A Poipet brothel owner was sentenced to 12 years in prison for the 1998 beating death of a prostitute in what observers say is the first successful prosecution of those guilty of committing crimes against sex workers.
Meach Bunrith was convicted of murdering 24-year-old Neang Thy Pheung after she refused to have sex with a client, according to Kep Sorn, Banteay Meanchey province court chief.
Following testimony from 10 witnesses, including members of an investigative team from the human rights group Adhoc, Meach Bunrith confessed to the crime at his March 29 trial, Kep Sorn said Monday.
Kao Kim Hourn, executive director for the Cambodian Institute for Cooperation and Peace, said this conviction marks a serious shift in the way the courts are treating these types of cases.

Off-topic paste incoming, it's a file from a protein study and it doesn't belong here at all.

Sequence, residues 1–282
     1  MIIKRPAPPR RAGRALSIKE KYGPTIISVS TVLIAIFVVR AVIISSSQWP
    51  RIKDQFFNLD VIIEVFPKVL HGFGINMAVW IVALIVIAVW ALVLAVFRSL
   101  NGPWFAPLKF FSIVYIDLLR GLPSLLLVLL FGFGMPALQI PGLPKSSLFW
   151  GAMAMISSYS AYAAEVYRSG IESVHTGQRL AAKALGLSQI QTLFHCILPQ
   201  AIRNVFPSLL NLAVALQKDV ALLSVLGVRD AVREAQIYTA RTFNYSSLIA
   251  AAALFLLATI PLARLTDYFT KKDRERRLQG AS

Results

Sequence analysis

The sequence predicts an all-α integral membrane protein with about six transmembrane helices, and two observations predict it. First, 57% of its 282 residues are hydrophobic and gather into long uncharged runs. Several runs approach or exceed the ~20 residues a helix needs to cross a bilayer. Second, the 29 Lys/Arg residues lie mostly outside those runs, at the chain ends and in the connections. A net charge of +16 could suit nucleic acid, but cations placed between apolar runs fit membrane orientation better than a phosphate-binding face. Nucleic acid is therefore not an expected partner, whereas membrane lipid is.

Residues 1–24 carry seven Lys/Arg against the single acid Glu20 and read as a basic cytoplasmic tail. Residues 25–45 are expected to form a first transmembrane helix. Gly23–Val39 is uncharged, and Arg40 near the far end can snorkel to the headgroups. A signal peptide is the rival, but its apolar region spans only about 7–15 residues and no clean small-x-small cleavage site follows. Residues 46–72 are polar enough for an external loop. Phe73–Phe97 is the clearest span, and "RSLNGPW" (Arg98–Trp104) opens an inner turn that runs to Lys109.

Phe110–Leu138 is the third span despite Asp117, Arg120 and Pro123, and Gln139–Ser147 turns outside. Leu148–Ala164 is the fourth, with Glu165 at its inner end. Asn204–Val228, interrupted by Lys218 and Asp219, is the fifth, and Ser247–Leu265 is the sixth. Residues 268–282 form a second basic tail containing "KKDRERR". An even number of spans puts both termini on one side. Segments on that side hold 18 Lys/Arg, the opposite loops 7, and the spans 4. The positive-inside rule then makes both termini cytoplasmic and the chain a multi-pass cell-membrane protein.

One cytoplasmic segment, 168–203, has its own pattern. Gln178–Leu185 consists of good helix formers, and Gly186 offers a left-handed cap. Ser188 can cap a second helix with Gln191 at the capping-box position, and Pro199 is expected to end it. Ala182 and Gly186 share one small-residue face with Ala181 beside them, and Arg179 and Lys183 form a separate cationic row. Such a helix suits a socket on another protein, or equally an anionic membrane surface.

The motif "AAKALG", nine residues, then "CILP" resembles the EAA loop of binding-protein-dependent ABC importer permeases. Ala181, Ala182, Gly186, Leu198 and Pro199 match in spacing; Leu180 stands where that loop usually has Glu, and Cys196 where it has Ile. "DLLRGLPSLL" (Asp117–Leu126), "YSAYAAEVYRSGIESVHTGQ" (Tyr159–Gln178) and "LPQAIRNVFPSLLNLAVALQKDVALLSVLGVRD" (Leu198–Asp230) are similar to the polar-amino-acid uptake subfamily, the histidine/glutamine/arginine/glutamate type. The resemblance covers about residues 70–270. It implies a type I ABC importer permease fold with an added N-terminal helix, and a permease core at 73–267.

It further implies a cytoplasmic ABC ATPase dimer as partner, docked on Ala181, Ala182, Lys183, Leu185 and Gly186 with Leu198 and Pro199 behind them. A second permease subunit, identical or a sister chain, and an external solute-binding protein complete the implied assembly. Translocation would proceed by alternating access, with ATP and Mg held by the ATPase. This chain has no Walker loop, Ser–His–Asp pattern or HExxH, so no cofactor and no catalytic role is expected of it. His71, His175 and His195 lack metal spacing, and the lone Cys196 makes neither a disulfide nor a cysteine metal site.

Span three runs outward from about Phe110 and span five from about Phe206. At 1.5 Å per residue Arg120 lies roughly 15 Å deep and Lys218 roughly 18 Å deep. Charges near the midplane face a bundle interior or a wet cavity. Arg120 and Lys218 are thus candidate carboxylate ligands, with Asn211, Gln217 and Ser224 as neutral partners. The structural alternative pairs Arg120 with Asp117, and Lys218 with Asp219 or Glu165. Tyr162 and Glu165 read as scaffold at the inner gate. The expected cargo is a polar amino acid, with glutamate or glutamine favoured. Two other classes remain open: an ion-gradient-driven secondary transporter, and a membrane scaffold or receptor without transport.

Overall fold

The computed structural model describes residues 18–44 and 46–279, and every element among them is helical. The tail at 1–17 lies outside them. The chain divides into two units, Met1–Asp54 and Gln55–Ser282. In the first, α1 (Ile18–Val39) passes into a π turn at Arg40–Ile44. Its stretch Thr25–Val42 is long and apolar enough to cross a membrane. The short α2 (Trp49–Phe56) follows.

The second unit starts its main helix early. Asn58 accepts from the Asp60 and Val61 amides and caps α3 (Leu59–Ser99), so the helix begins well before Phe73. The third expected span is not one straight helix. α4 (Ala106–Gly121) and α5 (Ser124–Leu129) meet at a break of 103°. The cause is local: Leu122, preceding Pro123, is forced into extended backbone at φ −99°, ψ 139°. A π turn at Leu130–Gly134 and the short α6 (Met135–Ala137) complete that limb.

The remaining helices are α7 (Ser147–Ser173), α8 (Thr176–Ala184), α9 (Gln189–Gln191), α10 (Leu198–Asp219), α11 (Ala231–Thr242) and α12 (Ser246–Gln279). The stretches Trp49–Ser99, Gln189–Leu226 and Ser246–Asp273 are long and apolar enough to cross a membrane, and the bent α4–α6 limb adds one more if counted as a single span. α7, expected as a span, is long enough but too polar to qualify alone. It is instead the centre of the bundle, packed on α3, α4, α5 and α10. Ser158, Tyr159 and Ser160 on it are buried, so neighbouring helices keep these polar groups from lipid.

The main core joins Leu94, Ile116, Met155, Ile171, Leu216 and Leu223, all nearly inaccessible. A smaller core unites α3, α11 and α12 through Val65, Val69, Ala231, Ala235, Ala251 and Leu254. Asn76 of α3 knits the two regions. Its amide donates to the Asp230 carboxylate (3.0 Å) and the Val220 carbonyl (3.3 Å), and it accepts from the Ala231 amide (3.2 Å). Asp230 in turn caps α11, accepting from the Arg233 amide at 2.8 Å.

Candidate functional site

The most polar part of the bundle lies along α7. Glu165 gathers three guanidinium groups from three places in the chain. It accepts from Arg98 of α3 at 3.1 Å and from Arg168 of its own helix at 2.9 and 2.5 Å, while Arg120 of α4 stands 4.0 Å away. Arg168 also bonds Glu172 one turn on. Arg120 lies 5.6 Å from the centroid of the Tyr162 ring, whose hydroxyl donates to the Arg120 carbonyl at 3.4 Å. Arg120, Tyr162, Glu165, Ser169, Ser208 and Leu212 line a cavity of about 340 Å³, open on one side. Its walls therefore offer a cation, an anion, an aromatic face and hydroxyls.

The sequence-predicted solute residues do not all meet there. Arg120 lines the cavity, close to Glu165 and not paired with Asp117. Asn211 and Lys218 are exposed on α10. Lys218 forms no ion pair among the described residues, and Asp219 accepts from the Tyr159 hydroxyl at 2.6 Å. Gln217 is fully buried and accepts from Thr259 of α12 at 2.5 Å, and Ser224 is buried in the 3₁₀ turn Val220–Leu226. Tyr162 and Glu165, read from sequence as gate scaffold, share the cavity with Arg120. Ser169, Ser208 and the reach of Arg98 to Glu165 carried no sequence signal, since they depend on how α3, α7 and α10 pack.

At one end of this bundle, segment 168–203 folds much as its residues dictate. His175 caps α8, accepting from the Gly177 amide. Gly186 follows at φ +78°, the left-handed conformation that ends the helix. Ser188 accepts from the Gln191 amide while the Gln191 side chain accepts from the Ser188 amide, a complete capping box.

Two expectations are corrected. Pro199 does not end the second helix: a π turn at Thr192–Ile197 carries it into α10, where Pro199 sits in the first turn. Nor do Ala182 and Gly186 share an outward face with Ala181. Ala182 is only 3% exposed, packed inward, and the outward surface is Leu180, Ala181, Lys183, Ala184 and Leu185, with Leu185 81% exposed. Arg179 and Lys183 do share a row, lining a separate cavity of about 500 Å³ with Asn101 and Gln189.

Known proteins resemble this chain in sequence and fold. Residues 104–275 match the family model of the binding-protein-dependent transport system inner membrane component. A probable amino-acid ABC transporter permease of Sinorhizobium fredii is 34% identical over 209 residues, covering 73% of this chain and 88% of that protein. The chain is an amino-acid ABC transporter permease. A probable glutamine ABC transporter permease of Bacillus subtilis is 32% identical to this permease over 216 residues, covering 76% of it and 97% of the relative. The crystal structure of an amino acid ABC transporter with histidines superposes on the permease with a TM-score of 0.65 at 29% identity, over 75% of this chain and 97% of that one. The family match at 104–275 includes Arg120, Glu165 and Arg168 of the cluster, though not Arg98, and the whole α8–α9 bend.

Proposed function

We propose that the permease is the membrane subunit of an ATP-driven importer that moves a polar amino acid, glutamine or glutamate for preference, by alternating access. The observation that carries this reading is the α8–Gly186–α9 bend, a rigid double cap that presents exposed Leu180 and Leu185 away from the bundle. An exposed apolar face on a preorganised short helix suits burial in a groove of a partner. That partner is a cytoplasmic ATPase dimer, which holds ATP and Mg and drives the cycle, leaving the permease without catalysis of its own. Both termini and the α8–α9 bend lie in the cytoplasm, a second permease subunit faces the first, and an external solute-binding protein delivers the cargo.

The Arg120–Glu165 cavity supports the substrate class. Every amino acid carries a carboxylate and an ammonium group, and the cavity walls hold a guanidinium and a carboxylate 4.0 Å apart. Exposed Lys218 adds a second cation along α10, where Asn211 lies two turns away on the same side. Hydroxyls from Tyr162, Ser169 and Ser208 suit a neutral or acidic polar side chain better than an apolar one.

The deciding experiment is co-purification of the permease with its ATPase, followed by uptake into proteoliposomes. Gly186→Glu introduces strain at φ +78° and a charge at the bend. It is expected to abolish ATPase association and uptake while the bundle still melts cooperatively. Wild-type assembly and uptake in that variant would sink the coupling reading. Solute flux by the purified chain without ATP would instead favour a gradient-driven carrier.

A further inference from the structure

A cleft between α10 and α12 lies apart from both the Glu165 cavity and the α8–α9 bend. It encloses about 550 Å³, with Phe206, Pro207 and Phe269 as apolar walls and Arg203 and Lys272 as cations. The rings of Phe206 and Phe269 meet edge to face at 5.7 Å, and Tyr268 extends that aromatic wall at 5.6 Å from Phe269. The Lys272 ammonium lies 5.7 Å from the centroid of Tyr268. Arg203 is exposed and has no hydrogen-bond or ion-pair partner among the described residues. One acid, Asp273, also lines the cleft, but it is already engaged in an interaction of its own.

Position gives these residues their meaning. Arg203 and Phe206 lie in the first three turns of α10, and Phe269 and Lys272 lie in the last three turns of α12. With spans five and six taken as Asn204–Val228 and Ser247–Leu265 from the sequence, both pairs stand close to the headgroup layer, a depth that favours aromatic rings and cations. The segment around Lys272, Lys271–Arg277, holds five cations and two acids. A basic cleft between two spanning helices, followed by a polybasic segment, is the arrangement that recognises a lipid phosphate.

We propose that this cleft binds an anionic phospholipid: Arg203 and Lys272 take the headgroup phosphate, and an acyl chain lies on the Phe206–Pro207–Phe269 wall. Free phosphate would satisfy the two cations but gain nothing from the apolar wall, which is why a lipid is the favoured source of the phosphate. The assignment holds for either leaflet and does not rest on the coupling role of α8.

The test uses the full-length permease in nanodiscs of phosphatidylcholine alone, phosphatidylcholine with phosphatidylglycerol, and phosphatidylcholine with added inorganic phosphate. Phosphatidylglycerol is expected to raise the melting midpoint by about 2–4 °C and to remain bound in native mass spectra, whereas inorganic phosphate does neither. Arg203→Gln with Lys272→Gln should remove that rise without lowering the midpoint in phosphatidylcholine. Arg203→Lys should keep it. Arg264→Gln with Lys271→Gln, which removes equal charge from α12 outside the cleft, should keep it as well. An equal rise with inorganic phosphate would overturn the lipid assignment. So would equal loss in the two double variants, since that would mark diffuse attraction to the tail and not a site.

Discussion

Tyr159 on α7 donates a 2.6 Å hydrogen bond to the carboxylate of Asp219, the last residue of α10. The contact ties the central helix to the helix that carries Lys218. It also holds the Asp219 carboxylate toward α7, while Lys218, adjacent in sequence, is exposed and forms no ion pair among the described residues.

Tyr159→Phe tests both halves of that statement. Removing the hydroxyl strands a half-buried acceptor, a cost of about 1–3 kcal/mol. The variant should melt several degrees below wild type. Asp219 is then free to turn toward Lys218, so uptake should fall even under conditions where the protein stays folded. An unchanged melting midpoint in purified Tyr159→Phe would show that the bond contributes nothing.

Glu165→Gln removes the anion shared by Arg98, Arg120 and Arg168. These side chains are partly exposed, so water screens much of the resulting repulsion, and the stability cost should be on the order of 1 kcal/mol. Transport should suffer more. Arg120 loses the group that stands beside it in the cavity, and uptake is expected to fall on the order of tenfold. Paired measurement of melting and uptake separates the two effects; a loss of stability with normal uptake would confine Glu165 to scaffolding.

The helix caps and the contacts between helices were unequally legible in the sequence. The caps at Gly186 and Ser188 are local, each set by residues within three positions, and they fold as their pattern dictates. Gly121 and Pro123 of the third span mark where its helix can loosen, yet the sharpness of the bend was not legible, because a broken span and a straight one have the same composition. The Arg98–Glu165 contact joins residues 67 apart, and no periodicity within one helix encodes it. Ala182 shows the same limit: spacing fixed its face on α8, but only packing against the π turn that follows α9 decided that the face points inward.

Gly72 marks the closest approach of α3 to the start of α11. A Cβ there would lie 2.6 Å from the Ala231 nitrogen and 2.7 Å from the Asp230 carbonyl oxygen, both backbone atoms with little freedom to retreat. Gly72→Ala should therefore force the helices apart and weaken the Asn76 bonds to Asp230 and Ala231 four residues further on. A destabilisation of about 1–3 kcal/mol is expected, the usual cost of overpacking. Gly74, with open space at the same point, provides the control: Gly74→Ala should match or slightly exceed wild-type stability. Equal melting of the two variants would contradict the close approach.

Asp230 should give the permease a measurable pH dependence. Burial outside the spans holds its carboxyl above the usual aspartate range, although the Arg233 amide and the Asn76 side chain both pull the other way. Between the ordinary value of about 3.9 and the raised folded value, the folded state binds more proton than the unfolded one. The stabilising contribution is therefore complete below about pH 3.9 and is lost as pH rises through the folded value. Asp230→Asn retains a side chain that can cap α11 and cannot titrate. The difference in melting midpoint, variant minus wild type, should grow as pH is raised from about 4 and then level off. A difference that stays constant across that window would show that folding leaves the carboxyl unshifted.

“This is the first tangible result we’ve seen of the [judicial] reforms, the courts are moving in the right direction,” Kao Kim Hourn said Tuesday. “But we should not be content with just this first case. We have to wait and see how the law is applied to other cases.”
The Meach Bunrith case became for human rights watchers an example of the impunity often enjoyed by brothel owners—particularly in the more remote areas where local police and military often have a stake in the sex industry.
Meach Bunrith was able to re-open his brothel shortly after his release from jail in September 1998, and was only rearrested that December at the urging of the Ministry of Women’s affairs.
(Additional reporting by Seth Meixner)